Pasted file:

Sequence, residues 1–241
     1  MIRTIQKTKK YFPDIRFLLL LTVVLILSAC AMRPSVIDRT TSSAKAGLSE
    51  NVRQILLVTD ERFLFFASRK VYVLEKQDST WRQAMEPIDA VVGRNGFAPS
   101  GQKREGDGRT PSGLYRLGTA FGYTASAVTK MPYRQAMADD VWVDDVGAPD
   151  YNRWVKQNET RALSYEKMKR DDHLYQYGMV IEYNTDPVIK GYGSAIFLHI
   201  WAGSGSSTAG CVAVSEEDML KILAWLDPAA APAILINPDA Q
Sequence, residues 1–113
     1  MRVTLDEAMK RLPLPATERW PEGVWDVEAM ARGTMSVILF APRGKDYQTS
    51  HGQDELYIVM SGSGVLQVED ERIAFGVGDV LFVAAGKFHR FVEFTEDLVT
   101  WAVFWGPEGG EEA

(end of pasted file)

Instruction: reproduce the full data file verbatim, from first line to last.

Sequence, residues 1–241
     1  MIRTIQKTKK YFPDIRFLLL LTVVLILSAC AMRPSVIDRT TSSAKAGLSE
    51  NVRQILLVTD ERFLFFASRK VYVLEKQDST WRQAMEPIDA VVGRNGFAPS
   101  GQKREGDGRT PSGLYRLGTA FGYTASAVTK MPYRQAMADD VWVDDVGAPD
   151  YNRWVKQNET RALSYEKMKR DDHLYQYGMV IEYNTDPVIK GYGSAIFLHI
   201  WAGSGSSTAG CVAVSEEDML KILAWLDPAA APAILINPDA Q
Sequence, residues 1–113
     1  MRVTLDEAMK RLPLPATERW PEGVWDVEAM ARGTMSVILF APRGKDYQTS
    51  HGQDELYIVM SGSGVLQVED ERIAFGVGDV LFVAAGKFHR FVEFTEDLVT
   101  WAVFWGPEGG EEA